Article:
This phenomenom could bring serious technological challenges.
The UK’s National Physical Laboratory has new measurements that show that the Earth is spinning at a faster rate than before, which makes our days slightly shorter.
The data was confirmed when scientists measured the Earth’s spinning rate and compared it to the one 50 years ago.
The Earth’s shortest day and it’s implications
On June 29, 2022, the Earth had it’s full rotation in 1.59 milliseconds less than the 24-hour mark, and that made it the shortest day ever to be recorded.
According to atomic clock tracking, the Earth took just under 24 hours to spin on June 29, 2022, exactly 1.59 milliseconds under 24 hours, making it the shortest day in recent recorded history. pic.twitter.com/qylxcWvoi0
— IGN (@IGN) August 2, 2022
Scientists are now warning that this could lead to the introduction of the first-ever negative leap second.
They think that if the rotation continues to accelerate, we might be forced to remove a second from our atomic clocks.
This will potentially bring challenges for the Information Technology systems as their clocks would have to skip one second as well, and due to their reliability on timers, that’s were the devastating news start.
I find this so interesting and fascinating! My PhD thesis advisor did her own PhD dissertation on Earth rotation and timekeeping. Not my subject, but I find it impressive that we have got such a fine temporal resolution to measure all this! https://t.co/2Gt13AfWVM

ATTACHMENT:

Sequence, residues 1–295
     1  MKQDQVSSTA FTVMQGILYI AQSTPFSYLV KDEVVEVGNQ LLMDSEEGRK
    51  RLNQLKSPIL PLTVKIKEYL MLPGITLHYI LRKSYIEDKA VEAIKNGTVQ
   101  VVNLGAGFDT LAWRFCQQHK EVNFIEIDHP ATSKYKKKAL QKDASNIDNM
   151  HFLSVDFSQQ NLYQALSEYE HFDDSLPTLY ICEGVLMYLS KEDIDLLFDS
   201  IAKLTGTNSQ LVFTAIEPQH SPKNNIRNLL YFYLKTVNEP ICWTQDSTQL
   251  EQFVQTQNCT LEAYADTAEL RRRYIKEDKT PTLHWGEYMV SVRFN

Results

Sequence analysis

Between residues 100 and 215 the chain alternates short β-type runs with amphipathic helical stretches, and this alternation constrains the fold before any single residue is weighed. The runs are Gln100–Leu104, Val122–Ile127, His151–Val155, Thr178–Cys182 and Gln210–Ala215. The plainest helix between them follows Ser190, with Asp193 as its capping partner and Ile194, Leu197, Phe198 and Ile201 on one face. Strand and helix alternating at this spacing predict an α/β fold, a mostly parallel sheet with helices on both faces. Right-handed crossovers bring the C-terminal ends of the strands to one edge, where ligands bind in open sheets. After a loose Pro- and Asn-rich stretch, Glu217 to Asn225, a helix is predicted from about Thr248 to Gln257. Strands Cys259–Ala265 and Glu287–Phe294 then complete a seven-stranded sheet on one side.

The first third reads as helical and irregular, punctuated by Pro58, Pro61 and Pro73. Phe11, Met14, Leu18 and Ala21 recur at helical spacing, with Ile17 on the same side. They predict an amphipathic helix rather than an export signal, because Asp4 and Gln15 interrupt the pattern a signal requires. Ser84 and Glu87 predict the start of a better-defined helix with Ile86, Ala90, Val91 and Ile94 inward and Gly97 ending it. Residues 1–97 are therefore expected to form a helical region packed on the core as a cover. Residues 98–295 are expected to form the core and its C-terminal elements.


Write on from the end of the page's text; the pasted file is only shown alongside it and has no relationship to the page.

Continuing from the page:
— David GaladíEnríquez (@DGaladi) August 1, 2022
They attribute this phenomenom to something called the Chandler Wobble
Leonid Zotov, Christian Bizouard and Nikolay Sidorenkov are scientist that claim this irregular rotations by the Earth are a result of the Chandler Wobble, an irregular movement of the planet’s geographical poles across the surface of the globe.
Zotov assures that the Chandler Wobble’s amplitude used to be about three to four meters at the Earth’s surface, but it disappeared from 2017 to 2020.
Other experts beleive that the melting and refreezing of the world’s highest mountain tops could be contributing to the acceleration of the rotation.
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